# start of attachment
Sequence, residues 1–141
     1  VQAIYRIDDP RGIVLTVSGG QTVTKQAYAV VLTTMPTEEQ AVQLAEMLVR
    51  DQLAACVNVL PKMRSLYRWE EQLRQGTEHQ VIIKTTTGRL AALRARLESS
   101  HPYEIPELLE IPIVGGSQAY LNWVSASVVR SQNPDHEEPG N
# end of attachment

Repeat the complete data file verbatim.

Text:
Sequence, residues 1–141
     1  VQAIYRIDDP RGIVLTVSGG QTVTKQAYAV VLTTMPTEEQ AVQLAEMLVR
    51  DQLAACVNVL PKMRSLYRWE EQLRQGTEHQ VIIKTTTGRL AALRARLESS
   101  HPYEIPELLE IPIVGGSQAY LNWVSASVVR SQNPDHEEPG N